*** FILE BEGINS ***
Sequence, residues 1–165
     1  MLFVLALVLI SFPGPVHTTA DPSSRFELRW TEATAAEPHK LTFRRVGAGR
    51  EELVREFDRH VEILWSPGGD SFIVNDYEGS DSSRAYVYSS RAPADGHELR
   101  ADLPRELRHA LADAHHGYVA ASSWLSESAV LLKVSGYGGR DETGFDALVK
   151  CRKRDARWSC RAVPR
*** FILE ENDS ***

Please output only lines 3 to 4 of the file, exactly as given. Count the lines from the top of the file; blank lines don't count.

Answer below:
    51  EELVREFDRH VEILWSPGGD SFIVNDYEGS DSSRAYVYSS RAPADGHELR
   101  ADLPRELRHA LADAHHGYVA ASSWLSESAV LLKVSGYGGR DETGFDALVK